Methods Japanese-American men (n = 3562) were followed for L

\n\nMethods. Japanese-American men (n = 3562) were followed for Lip to 8 years, from average age 78 to average age 84 (maximum age 99), or until death. Total mortality, cause-specific mortality, and healthy survival

were evaluated for associations with HDL-C level and CETP genetic variants common in the Japanese population (CD442G and Int 14A).\n\nResults. HDL-C was negatively associated with cardiovascular disease (CVD) mortality (p = .002) but not related to non-CVD (p = .147) or total (p = .547) mortality after VX-661 datasheet adjustment for common risk factors. There was a trend for lower mortality for the men with the Int 14A variant. These men also had higher HDL-C levels (p = .047) and were significantly more likely to be healthy survivors (absence of six major age-related diseases and high physical/cognitive function) beyond the age of 90 years (p = .005).\n\nConclusions.

Low HDL-C level is a risk factor for CVD mortality in elderly Japanese-American men. High HDL-C and the Int 14A variant of the CETP gene may increase odds for healthy aging.”
“Quinones have diverse pharmacological properties including antibacterial, antifungal, antiviral, anti-inflammatory, antipyretic and anticancer activity. The cytotoxic Rabusertib clinical trial potential of 1,4-naphthoquinone (NQ14) was studied against B16F1 melanoma cells grown in vitro. NQ14 treatment resulted in a concentration-dependent cytotoxicity as indicated by MTT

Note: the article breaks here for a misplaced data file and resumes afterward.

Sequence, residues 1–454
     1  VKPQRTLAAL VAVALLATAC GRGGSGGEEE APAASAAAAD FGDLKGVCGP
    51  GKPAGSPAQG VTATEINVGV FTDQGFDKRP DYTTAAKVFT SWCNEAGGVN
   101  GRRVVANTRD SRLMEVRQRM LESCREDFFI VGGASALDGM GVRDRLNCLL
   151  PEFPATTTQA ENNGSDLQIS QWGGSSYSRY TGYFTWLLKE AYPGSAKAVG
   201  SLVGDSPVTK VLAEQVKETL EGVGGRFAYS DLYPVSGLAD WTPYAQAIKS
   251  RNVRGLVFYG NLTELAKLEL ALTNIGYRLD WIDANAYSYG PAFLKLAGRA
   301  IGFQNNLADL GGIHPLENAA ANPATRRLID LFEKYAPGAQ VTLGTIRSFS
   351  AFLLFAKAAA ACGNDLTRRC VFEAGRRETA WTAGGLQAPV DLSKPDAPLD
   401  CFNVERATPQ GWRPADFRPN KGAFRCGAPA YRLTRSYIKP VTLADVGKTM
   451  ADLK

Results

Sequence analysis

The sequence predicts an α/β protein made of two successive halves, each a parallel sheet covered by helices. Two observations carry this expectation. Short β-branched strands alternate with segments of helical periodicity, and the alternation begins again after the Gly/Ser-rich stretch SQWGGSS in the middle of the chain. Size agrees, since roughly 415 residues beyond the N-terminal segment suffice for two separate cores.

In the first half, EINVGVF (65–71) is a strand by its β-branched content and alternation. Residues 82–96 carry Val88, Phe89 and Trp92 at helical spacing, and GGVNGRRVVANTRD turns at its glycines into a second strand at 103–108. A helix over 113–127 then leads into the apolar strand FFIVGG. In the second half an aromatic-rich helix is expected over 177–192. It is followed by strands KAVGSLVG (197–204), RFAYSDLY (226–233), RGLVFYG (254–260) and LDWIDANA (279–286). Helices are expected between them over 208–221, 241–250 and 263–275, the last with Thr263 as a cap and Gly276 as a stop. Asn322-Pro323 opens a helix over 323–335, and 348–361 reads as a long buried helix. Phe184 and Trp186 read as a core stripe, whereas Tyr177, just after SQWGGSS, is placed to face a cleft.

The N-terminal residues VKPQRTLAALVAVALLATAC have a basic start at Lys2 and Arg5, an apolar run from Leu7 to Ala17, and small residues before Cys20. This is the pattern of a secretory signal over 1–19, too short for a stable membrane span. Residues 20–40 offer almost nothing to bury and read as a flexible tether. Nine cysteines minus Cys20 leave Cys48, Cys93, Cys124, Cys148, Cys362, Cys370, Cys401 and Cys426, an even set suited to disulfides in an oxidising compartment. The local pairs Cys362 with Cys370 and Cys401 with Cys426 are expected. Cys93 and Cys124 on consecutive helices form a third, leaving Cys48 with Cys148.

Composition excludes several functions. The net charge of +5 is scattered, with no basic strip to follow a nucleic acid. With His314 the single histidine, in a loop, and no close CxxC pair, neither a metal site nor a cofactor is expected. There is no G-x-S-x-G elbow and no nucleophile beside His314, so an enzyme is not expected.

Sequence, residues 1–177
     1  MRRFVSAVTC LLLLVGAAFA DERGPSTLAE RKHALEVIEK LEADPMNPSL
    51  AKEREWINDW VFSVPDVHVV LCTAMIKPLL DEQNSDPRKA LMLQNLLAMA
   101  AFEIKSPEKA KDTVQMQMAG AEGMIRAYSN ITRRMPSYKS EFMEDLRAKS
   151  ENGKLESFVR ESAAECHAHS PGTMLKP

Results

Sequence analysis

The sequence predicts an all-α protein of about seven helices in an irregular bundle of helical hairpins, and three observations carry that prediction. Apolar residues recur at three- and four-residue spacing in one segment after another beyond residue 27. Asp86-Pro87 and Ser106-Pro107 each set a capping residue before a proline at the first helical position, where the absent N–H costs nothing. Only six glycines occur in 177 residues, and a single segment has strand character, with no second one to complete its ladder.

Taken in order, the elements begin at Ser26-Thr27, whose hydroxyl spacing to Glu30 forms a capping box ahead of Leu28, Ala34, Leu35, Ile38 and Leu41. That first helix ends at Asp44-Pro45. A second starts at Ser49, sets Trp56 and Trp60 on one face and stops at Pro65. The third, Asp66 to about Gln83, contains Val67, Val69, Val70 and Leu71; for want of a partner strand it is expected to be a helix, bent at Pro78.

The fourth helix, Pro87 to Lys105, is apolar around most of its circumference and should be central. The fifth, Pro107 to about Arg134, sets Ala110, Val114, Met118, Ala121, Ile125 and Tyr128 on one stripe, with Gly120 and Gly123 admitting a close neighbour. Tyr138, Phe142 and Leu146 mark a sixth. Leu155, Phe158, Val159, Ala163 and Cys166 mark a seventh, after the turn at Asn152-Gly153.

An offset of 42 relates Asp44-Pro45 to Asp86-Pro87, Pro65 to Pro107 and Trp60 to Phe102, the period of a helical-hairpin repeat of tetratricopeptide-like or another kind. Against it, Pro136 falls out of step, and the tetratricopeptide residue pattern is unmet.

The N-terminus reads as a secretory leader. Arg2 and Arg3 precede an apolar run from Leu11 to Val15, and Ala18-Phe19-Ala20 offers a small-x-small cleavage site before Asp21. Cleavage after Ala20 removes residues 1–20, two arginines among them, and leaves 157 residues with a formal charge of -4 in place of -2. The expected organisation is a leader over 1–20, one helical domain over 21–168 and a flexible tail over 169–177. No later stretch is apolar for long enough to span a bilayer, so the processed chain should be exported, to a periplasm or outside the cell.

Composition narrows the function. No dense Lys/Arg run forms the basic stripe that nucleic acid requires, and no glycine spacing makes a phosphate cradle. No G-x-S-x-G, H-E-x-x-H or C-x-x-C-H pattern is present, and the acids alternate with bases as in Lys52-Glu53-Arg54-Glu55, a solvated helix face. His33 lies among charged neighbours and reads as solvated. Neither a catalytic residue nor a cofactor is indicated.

assay and lactate dehydrogenase leakage assay. Depletion in cellular glutathione levels after 1 h incubation selleck compound with NQ14 correlated with the corresponding increase in reactive oxygen species generation as determined by 2′,7′-dicholorofluorescein diacetate assay suggests the role of oxidative stress in cell death. The frequency of micronucleated binucleate cells increased with increasing doses of NQ14 with a corresponding decrease in the cytokinesis block proliferation index indicating the drug induced genotoxicity and cell division delay. Further, a dose-dependent decrease in the clonogenic cell survival indicated the potential of NQ14 to inhibit cell proliferation contributing to cell death. The cell death after NQ14 treatment may be attributed to apoptosis as seen in DNA ladder pattern along with necrosis as indicated in flow cytometric analysis of Annexin V/PI stained cells. Results of the present study demonstrate the cytotoxic and genotoxic potential of NQ14 by the induction of oxidative stress mediated mechanisms leading to tumor cell kill. (C) 2008 Elsevier Ltd. All rights reserved.

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